Laboratory of Hydrology and Geochemistry of Strasbourg

The Laboratory of Hydrology and Geochemistry of Strasbourg – LHyGeS- is a joint research unit (UMR 7517) appointed and supported by three authorities, i.e. the French National Center for Scientific Research (i.e. CNRS), the University of Strasbourg, and the Ecole Nationale du Genie de l’Eau et de l’Environnement de Strasbourg (ENGEES).
The LHyGeS is a center for research and higher education dedicated to the study of weathering processes and transfers in continental hydrosystems. It belongs to the few French laboratories associating hydrology and geochemistry within various approaches, especially those needing important modeling efforts. Since its beginning – in 2009 from the merging of three former research units – the LHyGeS has developed fundamental knowledge, theories and methods to characterize and understand the functioning of continental hydrosystems. The evolution of this functioning under the modifications of natural forcing and anthropic activity is also investigated.
Two major topics make the heart of the LHyGeS research activity:

  • mathematical hydrology
  • biogeochemistry and isotopic geochemistry.

These topics are handled by three teams, the whole research unit being composed of more than 80 people, say, 30 permanent researchers, 25 permanent engineers and administrative staff, and, 30 PhD students and post-doc fellows.

Web site (french) : lhyges.unistra.fr

Research teams

Isotopic and Environmental geochemistry  

The team GICE is concerned with studying the mechanims and characteristic times involved in wethering processes and various transfers of matter in continental eco-hydro-systems. These studies are carried out by developing and using the tools of elementary and isotopic geochemistry.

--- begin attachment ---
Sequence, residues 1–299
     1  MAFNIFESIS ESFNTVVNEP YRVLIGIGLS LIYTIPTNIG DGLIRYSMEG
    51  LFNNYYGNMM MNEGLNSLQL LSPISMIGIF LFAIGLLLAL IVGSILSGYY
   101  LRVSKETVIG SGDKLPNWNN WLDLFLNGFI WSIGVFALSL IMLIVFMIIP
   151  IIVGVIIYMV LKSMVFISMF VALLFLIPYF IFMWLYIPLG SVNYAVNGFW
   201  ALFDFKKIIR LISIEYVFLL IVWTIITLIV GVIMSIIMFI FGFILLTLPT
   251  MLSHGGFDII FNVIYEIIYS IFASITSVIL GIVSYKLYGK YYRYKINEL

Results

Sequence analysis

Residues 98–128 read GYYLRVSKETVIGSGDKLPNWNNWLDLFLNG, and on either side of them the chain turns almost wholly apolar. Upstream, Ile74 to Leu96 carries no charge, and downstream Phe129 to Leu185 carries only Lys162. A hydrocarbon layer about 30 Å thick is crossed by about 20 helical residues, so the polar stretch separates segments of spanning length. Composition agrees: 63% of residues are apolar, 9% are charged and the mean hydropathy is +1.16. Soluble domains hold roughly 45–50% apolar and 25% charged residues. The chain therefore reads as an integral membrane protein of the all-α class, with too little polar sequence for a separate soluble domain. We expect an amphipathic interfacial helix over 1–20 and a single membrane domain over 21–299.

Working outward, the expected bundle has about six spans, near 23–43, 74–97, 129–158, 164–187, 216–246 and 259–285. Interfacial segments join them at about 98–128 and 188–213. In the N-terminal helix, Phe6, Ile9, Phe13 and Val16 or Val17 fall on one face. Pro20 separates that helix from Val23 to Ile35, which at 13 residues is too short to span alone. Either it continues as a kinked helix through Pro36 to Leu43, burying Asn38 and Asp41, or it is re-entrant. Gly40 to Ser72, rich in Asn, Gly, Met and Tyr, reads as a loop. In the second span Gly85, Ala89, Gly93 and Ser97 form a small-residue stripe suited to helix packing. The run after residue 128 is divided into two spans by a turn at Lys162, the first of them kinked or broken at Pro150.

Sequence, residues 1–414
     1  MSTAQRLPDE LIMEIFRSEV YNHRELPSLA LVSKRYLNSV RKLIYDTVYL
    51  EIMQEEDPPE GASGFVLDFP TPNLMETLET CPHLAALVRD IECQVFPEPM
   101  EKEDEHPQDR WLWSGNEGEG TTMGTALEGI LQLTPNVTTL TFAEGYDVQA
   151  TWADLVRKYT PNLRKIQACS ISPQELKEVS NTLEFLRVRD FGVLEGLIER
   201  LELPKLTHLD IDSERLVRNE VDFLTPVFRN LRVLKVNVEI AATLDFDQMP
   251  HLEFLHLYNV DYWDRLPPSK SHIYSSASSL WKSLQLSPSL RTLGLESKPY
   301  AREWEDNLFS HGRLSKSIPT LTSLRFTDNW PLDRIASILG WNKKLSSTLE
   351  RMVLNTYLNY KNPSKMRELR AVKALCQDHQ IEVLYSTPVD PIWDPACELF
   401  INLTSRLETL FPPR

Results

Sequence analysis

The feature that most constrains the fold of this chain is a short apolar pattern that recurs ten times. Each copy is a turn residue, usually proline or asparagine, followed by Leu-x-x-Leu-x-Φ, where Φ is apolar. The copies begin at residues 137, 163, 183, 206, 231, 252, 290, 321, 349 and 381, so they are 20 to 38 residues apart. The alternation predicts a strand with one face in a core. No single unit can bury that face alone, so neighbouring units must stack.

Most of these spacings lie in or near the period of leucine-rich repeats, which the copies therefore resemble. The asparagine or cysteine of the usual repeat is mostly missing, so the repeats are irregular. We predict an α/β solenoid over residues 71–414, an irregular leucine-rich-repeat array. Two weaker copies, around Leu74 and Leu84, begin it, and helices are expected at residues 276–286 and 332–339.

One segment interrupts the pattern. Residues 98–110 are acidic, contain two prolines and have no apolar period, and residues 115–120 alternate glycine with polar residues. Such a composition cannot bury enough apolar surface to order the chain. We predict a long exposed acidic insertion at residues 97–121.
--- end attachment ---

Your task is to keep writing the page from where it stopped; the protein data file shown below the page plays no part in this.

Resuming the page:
Reactive transfers in hydrosystems

The team TreHa is involved in experimental studies and models for hydrology and hydrogeology. For example, the team tackles problems such as: understanding the water cycle and the migration of associated chemical elements through continental surfaces and its interfaces, the interactions between fluids and solids along natural flow paths, transfers at different scales of time and space…
The research activity also rests on aquifer analogs (e.g., the SCERES platform) and on «natural» experimental sites : the Strengbach or the Rouffach watersheds in the Vosges mountains. Finally, the team develops 3-D simulation tools that are key features to interpret data and to understand chemical, mineralogical, and hydrodynamic evolutions of the studied systems.

Methods and Numerical Tools for the continental hydrosystems

The team MONHyC develops a research activity at the interface between geosciences and applied mathematics. The main targeted objectives are:

  • the development of numerical tools and techniques for solving complex problems
  • the sensitivity analysis of numerical models mimicking fluid flow and fluxes of matter and energy in soils and sub-surface environments.

Laboratory initiatives

The LHyGeS possesses and operates various technical and analytical platforms (for instance, water geochemistry analysis, isotopic analysis) which are conducive to initiatives shared between the different research teams.

BioGEMO
The project «Biogeochemistry of water-mineral-biological bodies systems» is dedicated to the characterization and modeling of the interactions between biological, chemical and geochemical processes prevailing to the fate of contaminants in surface and sub-surface environments. In this context, it can be dealt for instance with problems at the small scale that are reproduced in the lab by conceiving and then running experiments in mesocosms (experimental devices of small to medium size).

DysTHyl
The initiative «Dynamics and structure of hydro-geochemical transfers in small watersheds» is mainly interested in the (geometric) characterization of underground reservoirs, their storage capacity, and their main flow paths. The experimental site set up at the Strengbach watershed serves as a natural reference and a three-dimensional modeling of both geological structures and water fluxes is one of the main expected results.